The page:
Next Generation Sequencing in the food industry

18 March 2020


Next Generation Sequencing

Written by Scientific Lead Riccardo Paone – Dantelabs.com

Riccardo Paone, is a PhD in Medical Biotechnologies. He worked in a bone biopathology Lab.

During his career he had studied processes linking energy metabolism and bone biology, at Columbia University, New York, the role of microvesicles in cell-cell communication, at the University of Natural Resources and Life Sciences, BOKU – Vienna  and Bioinformatics and Human Genomics at the University of Cape Town, South Africa. Riccardo is currently technology transfer manager at Dante Labs.

The rise of the new millennium has been characterised by new advanced DNA sequencing technologies called Next Generation Sequencing (NGS). NGS, combined with new and powerful bioinformatic approaches are revolutionising the food industry.

Nowadays, NGS allows to perform whole genome sequencing in a very short timeframe, with onfield and real-time characterisation of organisms or food, and allows the most detailed comparison possible so far of individual strains.

Dante Labs is at the forefront of this revolution offering the fastest turnaround times with the most competitive global pricing. All the analysis is performed in the L’Aquila labs in Italy, in full compliance with GDPR requirements.

The two main current applications for the food industry are:

  • The use of next generation sequencing for improving food safety via microbiome analysis, studies of microbial communities
  • Whole genome analysis testing for food authenticity

NGS methodologies move beyond the binary yes-no response of traditional testing, and enables you to get much more done, with far less effort and cost, generating more actionable insights for interventions and root cause analysis.

NGS microbiology testing: a growing market

The global rapid microbiology testing market continues to grow at a steady pace. The market is projected to reach $5.09 billion by 2023, up from $3.45 billion in 2018. Increased demand for food microbiology testing—and pathogen detection in particular—continues to drive the overall growth of this sector. The volume of food microbiology tests totalled 1.14 billion tests in 2016, up 15% from 2013. NGS-based platforms offer the ability to see what was previously impossible with PCR and other technologies. NGS generates millions of sequences simultaneously, enabling greater resolution into the microbial ecology of food and environmental surfaces.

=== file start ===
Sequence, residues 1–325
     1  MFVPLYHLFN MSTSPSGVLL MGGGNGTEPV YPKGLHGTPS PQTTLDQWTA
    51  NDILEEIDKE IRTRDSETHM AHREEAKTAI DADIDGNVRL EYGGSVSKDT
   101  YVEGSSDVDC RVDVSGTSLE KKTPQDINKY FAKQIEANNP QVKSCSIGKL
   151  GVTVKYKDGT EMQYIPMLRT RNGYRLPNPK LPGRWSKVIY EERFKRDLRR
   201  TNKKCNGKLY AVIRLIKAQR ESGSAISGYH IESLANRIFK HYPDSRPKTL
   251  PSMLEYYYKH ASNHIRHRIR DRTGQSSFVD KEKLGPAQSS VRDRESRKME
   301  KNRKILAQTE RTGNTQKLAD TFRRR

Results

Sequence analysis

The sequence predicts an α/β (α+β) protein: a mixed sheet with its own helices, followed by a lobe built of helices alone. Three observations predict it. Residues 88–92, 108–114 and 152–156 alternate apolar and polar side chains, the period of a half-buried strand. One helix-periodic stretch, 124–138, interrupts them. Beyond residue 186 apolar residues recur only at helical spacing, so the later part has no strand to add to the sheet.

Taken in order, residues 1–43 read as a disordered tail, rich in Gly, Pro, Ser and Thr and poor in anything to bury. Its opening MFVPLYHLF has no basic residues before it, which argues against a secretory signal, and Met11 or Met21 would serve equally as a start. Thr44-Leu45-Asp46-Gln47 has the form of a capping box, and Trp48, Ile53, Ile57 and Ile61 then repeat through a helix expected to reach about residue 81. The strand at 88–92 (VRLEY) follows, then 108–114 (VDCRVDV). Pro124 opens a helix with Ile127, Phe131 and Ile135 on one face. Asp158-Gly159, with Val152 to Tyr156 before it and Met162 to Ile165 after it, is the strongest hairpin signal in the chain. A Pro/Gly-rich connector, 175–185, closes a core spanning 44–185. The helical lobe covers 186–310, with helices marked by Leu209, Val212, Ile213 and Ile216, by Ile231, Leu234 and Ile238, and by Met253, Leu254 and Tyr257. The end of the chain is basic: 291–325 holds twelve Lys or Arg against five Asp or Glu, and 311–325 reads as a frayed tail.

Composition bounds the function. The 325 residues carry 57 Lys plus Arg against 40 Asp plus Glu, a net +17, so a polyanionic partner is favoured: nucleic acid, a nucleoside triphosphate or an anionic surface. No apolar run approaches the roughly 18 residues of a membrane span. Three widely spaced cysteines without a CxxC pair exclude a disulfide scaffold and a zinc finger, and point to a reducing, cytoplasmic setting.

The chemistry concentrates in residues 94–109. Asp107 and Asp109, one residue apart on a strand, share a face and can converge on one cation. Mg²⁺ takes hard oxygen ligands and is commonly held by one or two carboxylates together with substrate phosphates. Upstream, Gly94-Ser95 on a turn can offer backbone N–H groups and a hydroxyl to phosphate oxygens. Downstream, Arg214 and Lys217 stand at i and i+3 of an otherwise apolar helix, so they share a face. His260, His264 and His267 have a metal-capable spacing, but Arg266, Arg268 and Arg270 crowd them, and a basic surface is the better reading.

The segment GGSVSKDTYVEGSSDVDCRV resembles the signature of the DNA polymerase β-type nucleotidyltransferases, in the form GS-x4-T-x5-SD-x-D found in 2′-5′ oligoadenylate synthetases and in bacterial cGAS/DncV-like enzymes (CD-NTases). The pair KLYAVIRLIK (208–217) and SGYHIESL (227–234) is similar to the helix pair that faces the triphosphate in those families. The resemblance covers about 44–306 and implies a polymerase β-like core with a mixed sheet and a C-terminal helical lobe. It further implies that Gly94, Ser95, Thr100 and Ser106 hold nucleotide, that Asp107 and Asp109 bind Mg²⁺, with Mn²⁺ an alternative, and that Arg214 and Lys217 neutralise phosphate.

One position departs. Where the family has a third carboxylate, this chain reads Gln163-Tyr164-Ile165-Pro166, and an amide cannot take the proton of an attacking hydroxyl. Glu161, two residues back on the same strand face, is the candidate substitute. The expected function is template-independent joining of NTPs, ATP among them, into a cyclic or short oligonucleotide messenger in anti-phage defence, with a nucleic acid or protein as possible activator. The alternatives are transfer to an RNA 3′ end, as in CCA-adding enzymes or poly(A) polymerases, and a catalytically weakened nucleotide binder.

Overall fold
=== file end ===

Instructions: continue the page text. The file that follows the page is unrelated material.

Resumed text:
For example, NGS approaches helped Canadian and US authorities in 2018, when a rather large E. coli outbreak affected several different types of lettuce. In all, about 62 people got sick in the United States, with another 29 affected in Canada. The outbreak was traced back to a farm in California thanks to a specific DNA fingerprint in the E. coli. It started in a water reservoir and spread to the nearby crops.

By integrating an NGS-based platform into routine pathogen testing, one can begin to build a microbial database of the production facility, which can be used to distinguish resident pathogens and/or spoilage microbes from transient ones. This information can be used to monitor and improve existing or new sanitation practices as well as provide valuable information on ingredient quality and safety.

Dante Labs: pioneering NGS adoption

With the steady decline of cost, increased reliability and rapid turnaround times NGS technology is deemed to quickly become the golden standard in food quality control. As a leader in NGS services, Dante Labs is making such analysis accessible to a much wider audience. What was once an expensive and lengthy test is now becoming a much more viable option.Thanks to an innovative business model and the most cutting-edge technology Dante Labs’ NGS services can now empower thousands of small and medium producers and manufactures. This will contribute in revolutionising the overall global standards in food safety, traceability and authenticity.


We want to thank Riccardo Paone for his time and sharing his knowledge about new advanced DNA sequencing technologies called Next Generation Sequencing. Have you experienced any relatable developments within the food industry? Please, share your story with us via info@foodsciencescommunity.com or call us on +31 (0)630076674.